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Seoul: R.About, Pizzeria D'Buzza, Common Ground

Trent Rollings


We’re in Seoul this week as volunteer for the World Barista Championship. We came a couple of days early so we could do some sightseeing which, of course, has a lot to do with coffee. A barista at the first shop we visited (more than less) recommended r.about coffee, just a walking distance from where we were. We walked around the block and down some wrong streets to come across a house with a sign out front which read, “Coffee first, think later.” We walked in and were immediately struck by the coziness of this old Korean hanok, converted into a coffee shop. We chatted with the baristas, who would also be at the WBC the next day with us, and they shared about their coffees. Upon sitting, my eyes were drawn to a hole in the wall next to the table and in the hole sat an old Walkman, the kind I had when I was a kid. Something about the nostalgia made me feel even more comfortable. The barista brought our coffee (an espresso for Trent and a piccolo latte for me) and while sipping slowly, I observed the perfect blend of the espresso and milk. Amazing location, delicious coffee, hospitable baristas. Worth a trip to Seoul for! C

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Pizzeria D'Buzza

With lots of caffeine, we were eager for some protein. Taking a risk, we decided to wander through the streets in search of whatever caught our eye (and our ... stomachs). What resulted was delicious as well as inspiring. We came upon a pizza restaurant, Pizzeria D'Buzza, and both floated toward the door in agreement. My eyes danced across the menu until landing on one list of ingredients: prosciutto, walnuts, potato, and rosemary. While usually Trent and I play the “you go first” game when ordering together, but this time I spoke with certainty: gimme the rosemary. We eagerly waited and watched other delicious pizzas being delivered to tables before the waitress placed before us a feast. The soft and chewy crust was baked with a buttery glaze and the prosciutto was sliced so thin, you could see straight through it. The potato was mashed and the walnuts added crunch and the rosemary made the whole thing taste like Christmas. We recommend this restaurant wholeheartedly, and we also recommend you try out making this pizza for yourself; we're going to give it a try! (Note: Of course we also ate a lot of incredible Korean food over the week. Our best suggestion is to find a restaurant without an English menu. Point. Smile. Eat with gladness. Also: don't wait for the server to pick up your bill; go pay at the counter.) C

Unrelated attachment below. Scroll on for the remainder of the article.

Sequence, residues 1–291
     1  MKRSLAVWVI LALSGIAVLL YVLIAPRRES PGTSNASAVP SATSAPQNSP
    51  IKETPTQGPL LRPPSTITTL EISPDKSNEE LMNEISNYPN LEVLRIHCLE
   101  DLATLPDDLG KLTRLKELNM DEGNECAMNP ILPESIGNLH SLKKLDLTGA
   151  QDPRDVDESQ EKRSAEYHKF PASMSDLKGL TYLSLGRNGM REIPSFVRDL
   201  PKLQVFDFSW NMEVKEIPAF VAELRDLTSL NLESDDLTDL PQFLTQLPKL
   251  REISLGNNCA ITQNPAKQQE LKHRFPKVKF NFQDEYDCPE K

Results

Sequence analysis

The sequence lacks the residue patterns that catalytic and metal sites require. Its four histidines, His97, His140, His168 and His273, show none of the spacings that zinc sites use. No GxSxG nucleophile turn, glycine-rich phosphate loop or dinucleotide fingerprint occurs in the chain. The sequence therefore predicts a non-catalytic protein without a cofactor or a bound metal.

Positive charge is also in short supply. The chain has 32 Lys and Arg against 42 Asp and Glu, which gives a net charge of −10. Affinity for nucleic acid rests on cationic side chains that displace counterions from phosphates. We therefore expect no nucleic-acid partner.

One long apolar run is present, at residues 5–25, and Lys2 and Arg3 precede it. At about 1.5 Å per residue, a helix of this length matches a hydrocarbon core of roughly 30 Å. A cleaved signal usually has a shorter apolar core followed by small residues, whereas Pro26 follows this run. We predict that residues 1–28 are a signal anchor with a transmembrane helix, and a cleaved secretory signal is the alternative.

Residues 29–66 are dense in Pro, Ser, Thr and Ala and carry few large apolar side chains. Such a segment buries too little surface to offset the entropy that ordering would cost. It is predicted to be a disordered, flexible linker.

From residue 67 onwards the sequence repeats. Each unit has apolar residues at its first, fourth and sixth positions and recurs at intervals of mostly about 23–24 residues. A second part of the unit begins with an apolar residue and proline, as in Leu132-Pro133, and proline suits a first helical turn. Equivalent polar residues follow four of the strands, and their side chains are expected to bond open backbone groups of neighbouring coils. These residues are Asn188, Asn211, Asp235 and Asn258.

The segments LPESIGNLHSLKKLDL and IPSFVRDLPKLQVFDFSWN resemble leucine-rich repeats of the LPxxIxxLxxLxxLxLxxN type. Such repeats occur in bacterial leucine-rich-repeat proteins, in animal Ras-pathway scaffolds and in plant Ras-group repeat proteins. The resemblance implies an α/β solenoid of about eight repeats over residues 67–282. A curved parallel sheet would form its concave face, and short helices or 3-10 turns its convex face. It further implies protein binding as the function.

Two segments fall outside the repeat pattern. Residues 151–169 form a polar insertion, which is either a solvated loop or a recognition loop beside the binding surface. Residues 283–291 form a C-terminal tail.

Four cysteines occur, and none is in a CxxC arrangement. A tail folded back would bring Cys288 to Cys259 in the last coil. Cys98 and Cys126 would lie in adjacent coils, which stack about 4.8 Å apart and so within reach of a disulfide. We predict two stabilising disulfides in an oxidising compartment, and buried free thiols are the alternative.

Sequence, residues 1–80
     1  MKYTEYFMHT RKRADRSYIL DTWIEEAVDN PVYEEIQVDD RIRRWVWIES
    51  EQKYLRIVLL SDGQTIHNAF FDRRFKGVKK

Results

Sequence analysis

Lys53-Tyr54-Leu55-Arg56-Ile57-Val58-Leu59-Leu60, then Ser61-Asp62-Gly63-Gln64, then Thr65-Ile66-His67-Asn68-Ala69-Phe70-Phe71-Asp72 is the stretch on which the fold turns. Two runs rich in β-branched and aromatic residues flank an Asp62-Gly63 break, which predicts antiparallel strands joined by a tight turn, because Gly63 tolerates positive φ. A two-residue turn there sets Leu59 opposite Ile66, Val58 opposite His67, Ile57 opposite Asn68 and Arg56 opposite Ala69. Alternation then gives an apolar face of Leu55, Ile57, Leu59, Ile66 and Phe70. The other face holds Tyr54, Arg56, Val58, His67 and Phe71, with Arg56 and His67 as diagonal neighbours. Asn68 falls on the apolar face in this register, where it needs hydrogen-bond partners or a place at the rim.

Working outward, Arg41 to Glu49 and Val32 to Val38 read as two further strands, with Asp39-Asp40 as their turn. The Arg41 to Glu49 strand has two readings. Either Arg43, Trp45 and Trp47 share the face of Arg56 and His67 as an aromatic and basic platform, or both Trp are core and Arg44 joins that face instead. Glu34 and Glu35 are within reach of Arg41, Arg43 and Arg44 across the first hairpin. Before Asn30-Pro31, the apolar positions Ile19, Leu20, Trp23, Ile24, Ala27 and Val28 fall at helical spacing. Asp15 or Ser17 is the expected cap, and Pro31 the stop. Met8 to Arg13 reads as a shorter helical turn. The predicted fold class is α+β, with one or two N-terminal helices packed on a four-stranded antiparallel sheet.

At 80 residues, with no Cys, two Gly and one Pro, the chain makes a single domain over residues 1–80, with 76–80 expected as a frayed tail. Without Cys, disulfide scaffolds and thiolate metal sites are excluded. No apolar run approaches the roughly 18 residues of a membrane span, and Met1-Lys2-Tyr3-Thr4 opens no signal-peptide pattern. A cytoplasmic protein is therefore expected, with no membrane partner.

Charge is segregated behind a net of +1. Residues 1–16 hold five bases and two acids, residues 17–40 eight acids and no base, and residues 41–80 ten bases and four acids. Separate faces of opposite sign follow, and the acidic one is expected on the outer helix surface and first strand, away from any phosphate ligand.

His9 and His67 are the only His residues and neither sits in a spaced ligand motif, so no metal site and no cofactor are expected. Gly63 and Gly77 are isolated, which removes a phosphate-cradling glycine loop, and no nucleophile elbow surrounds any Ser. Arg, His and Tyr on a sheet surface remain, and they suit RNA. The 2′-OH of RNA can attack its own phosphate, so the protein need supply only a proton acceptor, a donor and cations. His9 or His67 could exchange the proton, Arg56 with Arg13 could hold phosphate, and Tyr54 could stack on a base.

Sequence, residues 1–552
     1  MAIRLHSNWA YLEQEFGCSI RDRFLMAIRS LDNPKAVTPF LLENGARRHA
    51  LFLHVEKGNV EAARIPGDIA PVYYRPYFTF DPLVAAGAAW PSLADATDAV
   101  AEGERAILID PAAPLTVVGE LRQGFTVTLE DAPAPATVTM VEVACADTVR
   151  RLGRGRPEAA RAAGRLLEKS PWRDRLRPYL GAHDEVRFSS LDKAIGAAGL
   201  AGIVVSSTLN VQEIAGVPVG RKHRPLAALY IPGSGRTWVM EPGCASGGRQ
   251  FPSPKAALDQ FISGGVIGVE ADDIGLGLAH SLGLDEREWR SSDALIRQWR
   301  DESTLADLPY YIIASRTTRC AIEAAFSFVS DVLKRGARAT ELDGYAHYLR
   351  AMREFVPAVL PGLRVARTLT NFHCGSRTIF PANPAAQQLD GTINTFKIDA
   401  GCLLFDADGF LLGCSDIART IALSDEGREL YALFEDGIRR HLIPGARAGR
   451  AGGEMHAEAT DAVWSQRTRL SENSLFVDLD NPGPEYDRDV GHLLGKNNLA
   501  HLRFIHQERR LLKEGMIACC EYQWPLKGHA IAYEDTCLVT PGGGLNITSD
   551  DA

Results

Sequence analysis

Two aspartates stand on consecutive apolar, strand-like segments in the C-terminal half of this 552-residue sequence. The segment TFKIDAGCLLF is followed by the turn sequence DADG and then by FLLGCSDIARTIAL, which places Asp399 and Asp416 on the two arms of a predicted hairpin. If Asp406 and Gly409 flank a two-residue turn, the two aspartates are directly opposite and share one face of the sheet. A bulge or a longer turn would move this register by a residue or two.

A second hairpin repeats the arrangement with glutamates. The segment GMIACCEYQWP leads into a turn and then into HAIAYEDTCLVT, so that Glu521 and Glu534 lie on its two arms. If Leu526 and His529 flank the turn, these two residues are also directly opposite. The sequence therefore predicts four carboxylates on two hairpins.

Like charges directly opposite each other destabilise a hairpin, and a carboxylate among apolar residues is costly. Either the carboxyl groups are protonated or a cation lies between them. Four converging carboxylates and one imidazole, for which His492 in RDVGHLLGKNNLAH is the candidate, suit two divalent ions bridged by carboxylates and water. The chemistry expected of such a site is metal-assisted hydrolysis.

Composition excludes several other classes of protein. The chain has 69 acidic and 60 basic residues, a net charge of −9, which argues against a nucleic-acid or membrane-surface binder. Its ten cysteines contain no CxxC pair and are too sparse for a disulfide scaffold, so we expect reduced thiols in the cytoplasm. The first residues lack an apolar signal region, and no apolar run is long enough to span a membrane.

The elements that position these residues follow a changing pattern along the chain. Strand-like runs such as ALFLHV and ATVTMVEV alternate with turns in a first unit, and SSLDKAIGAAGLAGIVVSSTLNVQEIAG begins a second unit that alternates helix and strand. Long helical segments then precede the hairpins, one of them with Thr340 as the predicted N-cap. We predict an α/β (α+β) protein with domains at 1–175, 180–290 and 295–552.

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Common Ground

It isn't uncommon to see shipping containers used in architecture these days. Both Christine and I have been intrigued by the shipping container home concept and might possibly build one of our own someday. You'll understand our delight then when we came across Common Ground, a trendy shopping mall made entirely out of shipping containers. 200 to be exact. That makes it the world's largest pop-up shipping container mall. Pretty impressive to be sure! In true Korean fashion, much effort was expended to make all areas of Common Ground aesthetically beautiful. But more than a beautiful space, the mall houses a plethora of shops selling interesting finds being sold by small-business entrepreneurs. I even came across a shop that sells larger sized clothes for us western body types. The prices tend to be pretty affordable as well. And when you get hungry, make your way up to the third floor where you will find a varied plethora of restaurants and cafes. So if you're in Seoul and find yourself looking for a great place to shop or a unique date spot, consider popping over to a Common Ground. It's extremely accessible, only a 5-minute walk from the Konkuk University metro station. T

하늘이 무너져도 솟아날 구멍이 있다. | Even when the sky falls, there is a hole to fly out of.
— Korean Proverb